Non-linear effects, the third form of signal distortion that we list, are introduced when the optical power level in a fibre exceeds a certain threshold. This issue is similar to that of Moschitta’s rivals talking into the microphone so loudly that the listener starts to hear distortion.
Coherent optical transceivers
In 2010 the optical industry began to deploy a radically different approach for sending and receiving information – phase modulation with coherent detection (see Figure 2 for a simplified schematic of the latest generation of coherent transceiver). While the first generation of coherent transceivers had processing only in the receiver, subsequent generations include both transmitter and receiver-based processing.
The laser in the transmitter shines constantly – creating an optical carrier. The digital electronic signal is sent into the transmit portion of the DSP for pre-processing, then the processed digital signal is sent to a high-speed digital-to-analogue converter (DAC), with the resulting analogue signal applied to a Mach-Zehnder phase modulator, which applies this signal to the optical carrier. Note that by sending separate modulation signals on the X and Y polarizations of the light, the capacity of the modulation symbol is doubled. After this, the optical signal, containing a stream of high-speed modulation symbols, is launched into the fibre for its journey of many kilometres.
Within the receiver, there is a local oscillator laser with a continuous output, tuned to the wavelength to be received. The local laser output is mixed with the incoming signal from a fiber, and the mixed signal is then split into X and Y polarizations. The parallel signals enter a phase demodulator array, formed from adjustable Mach-Zehnder elements. This results in the generation of a massively complex set of interference patterns that would be changing so quickly they would appear as a constant light to the human eye. A parallel set of photodetectors captures the interference patterns, converting the analogue optical signals to analogue electrical signals that are boosted by a transimpedance amplifier. These stronger signals are sampled and digitized in an analogue-to-digital converter (ADC), with the resulting digitalised signal passed to the receiver DSP and processed to produce a clean, reliable bit stream.
Unlike a pure electronic circuit, the optical transceiver makes use of a range of semiconductor materials, using the most appropriate one for each task (these materials are colour-coded in Figure 2).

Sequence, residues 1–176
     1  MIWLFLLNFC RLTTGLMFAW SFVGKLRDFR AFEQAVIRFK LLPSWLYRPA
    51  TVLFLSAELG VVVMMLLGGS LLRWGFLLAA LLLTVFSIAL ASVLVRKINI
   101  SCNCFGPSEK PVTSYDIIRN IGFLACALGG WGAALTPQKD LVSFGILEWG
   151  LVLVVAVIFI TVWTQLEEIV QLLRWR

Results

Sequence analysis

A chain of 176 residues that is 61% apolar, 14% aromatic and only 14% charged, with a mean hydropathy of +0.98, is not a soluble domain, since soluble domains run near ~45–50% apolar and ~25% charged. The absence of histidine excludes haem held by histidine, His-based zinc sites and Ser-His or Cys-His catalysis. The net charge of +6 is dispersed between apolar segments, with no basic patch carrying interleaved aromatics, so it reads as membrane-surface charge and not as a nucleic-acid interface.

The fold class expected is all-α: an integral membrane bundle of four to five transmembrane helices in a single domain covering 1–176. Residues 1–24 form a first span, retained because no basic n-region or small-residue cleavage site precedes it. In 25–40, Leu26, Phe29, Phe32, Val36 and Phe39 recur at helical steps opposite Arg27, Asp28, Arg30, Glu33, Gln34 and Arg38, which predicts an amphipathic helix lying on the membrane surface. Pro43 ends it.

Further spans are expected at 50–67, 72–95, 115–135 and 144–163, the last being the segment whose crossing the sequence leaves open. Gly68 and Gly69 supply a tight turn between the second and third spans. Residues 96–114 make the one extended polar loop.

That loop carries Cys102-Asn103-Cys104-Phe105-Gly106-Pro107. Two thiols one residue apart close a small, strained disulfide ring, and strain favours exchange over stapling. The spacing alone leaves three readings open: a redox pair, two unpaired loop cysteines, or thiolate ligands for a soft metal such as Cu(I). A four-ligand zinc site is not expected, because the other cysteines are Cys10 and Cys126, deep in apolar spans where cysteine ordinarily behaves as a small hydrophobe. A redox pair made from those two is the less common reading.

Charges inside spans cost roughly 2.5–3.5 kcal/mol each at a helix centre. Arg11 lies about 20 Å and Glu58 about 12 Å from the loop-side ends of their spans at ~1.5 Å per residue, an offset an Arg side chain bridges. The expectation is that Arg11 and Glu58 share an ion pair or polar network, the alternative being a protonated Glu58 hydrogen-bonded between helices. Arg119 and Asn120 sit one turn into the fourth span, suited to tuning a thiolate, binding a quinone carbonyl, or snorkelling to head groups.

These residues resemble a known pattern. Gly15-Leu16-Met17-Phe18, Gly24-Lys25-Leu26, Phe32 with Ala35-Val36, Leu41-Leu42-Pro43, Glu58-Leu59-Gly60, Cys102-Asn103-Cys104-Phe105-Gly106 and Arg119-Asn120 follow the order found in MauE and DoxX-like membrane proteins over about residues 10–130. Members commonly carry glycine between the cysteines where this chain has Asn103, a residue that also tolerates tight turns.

Regular readers will know that InP is the ideal material for creating high-performance lasers and photodetectors at wavelengths employed for long-distance optical transmission, typically the domain that spans 1530 nm to 1625 nm. InP is also the best choice for the modulators at these data rates. Due to this dual role, it is possible to use InP for all the optical functions for both transmit and receive, forming a single photonic integrated circuit (PIC). SiGe is the material used to produce transimpedance amplifiers that deliver consistent amplification over wide bandwidth and a low noise level, while silicon CMOS is employed for making application-specific integrated circuits (ASICs) used for the DAC, ADC, and DSP functions. In Figure 2, we show that the transmit and receive DSP circuits are implemented on a single ASIC chip. Using this architecture, at least one of the latest 800 Gbit/s implementations is made up of more than 5 billion transistors.
Materials aside, those of you with a background in radio communication will be familiar with the approach that we shall now describe. At the transmitter, instead of sending an on/off signal, we use a phase modulator to encode digital signals as a set of different phase states. And at the receiver, rather than directly interpreting the on/off signal without any processing, we use a coherent detector – this consists of a reference laser, known as the local oscillator, the signal of which is mixed with the data signal. When used in radio systems, a local oscillator allows tuning in to a specific radio station, out of perhaps dozens of radio stations that have signals passing through the detector.
In optical transmission, the situation is slightly different, as we have already separated the particular wavelength we wish to receive. In this case, the local oscillator acts as a very low-noise amplifier, and the resulting phase demodulator is a linear detector. Having a linear detector is a tremendous asset, allowing us to finally bring the power of digital signal processing to bear on the problem of compensation of linear channel impairments such as chromatic dispersion and polarization-mode dispersion.
While coherent detection may be familiar to anyone from the radio world, and DSPs to fans of DAB radios, the sample rates and processing power required to process high-speed optical signals are on a totally different scale. To put this in perspective, for CD quality audio the accepted sample rate is 44.1 kHz, while a modern coherent transponder operates about two million times faster at well above 100 GHz sampling rate to correctly recover transmitted information from signal symbol rates close to 100 gigabaud.
Figure 4: The Shannon equation and the diminishing returns in fiber capacity from future coherent transceiver enhancement
In the 1970s, the first hardware used for digital signal processing emerged. It employed general-purpose processors, with a software implementation. The processors were clocked at about 2 MHz, with four clock pulses per machine cycle. Even five decades on, armed with tremendous advances in processor performance, dedicated chips for DSPs are still essential. That’s partly due to performance demands, but also associated with the need to reduce power consumption, size, and hardware costs. For coherent processing, sample rates have to be somewhat higher than the symbol transmission rate – a requirement first explained by Bell Labs researcher, Harry Nyquist, in the 1940s, in the context of digital telephony.